Fall 2009 : BMI Biased? So What! - by Kellee Terrell

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BMI Biased? So What!

by Kellee Terrell

Another study confirms that the body mass index (BMI) overstates the obesity epidemic in black America. But that doesn’t excuse the poor state of our overall wellness.



The stats are disturbing. Based on body mass index (BMI)—the standard measure used to define obesity—72 percent of African-American men and 80 percent of African-American women older than 20 are overweight or obese, according to the Office of Minority Health.

But a recent study says that those findings may be exaggerated. Researchers from the University of Houston and Baylor University in Texas found that BMI may overestimate the obesity problem among African Americans and underestimate it among Asian and Latino women and adults of Indian descent. Why? Because current BMI measurements—a combination of one’s height and weight—are solely based on older studies of white adults.

“It doesn’t account for other factors that differ between the races and genders,” says Molly Bray, PhD, one of the study’s researchers. “For example, black women genetically have larger bones than white and Asian women. The BMI scale does not take that into consideration.”

By using a low-dose X-ray method called DXA—which estimates lean mass, fat mass and bone density—researchers discovered that the BMI formula considers some African-American men and women obese when in reality they aren’t.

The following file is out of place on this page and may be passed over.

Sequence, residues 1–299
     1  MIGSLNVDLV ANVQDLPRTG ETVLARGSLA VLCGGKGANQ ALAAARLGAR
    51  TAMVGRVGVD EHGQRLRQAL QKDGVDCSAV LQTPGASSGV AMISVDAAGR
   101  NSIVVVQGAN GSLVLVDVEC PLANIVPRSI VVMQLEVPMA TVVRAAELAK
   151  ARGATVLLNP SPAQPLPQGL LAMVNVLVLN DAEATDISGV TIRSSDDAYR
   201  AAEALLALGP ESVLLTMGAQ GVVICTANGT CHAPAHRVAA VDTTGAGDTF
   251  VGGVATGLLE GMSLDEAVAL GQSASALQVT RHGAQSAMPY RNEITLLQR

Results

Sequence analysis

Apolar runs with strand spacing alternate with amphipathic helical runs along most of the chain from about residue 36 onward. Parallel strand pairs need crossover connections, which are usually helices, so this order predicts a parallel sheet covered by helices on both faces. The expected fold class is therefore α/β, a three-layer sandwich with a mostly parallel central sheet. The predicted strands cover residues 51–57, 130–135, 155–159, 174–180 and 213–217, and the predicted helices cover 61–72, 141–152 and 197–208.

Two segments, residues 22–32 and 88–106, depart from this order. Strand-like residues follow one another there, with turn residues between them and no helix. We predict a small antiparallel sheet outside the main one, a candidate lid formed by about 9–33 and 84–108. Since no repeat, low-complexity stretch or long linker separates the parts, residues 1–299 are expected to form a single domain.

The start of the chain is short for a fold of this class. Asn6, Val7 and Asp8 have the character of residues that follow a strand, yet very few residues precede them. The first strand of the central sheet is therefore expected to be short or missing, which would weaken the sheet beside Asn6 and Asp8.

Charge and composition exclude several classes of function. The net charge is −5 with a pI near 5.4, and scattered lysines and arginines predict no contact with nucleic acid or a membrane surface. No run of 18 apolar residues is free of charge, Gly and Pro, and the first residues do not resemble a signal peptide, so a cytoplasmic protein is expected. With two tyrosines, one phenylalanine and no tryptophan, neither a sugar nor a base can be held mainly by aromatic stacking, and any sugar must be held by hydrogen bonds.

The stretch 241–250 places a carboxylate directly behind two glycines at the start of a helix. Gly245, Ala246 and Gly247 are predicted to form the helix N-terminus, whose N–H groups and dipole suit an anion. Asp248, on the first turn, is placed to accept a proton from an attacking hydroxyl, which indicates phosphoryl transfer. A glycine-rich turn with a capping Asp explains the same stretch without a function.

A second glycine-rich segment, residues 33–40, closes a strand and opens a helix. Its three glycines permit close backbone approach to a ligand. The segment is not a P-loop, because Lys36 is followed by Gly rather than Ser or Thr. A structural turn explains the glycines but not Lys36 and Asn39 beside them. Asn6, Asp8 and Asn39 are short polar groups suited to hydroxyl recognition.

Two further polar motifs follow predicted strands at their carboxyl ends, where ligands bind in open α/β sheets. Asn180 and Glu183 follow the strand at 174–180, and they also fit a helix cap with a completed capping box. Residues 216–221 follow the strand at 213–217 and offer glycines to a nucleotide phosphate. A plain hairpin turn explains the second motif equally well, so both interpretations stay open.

This is not the first study to attack the BMI’s inherent bias. And given BMI limitations, those accusations carry some weight. The primary problem with BMI is that, on average, people of different races carry a different percentage of body fat and may have larger bones and denser muscles. BMI does not account for these factors. The result? People in certain groups may be inaccurately labeled as obese. This includes muscular types who weigh more.

But there are other issues with BMI: Having a higher measurement does not necessarily mean that you are unhealthy, and those with a lower BMI may have a high percentage of body fat.

So why not just use DXA measurements? Bray admits that DXA equipment is more accurate and inclusive—the problem is that it’s also very expensive. “Even if your doctor had the equipment in his or her office, your insurance would not cover the cost,” she says.

Until DXA technology becomes affordable to all, however, the important thing is that the BMI standard should be revised so docs can quickly assess obesity risk for people, say Bray and her colleagues. “We just want to stress that there are genetic differences among people that need to be taken into account [when measuring BMI],” Bray says. “But we don’t want to give the message that being sedentary and living an unhealthy lifestyle are not dangerous.”

For blacks, the bottom line is that the high rates we suffer from heart disease, diabetes and chronic illness—all related to obesity—cannot be discounted. Although we don’t have to be a size 3 to be in good health, we must make it a priority to become active, eat more nutritious foods and improve our health and fitness literacy.          

Search: BMI, body mass index, obesity, DXA

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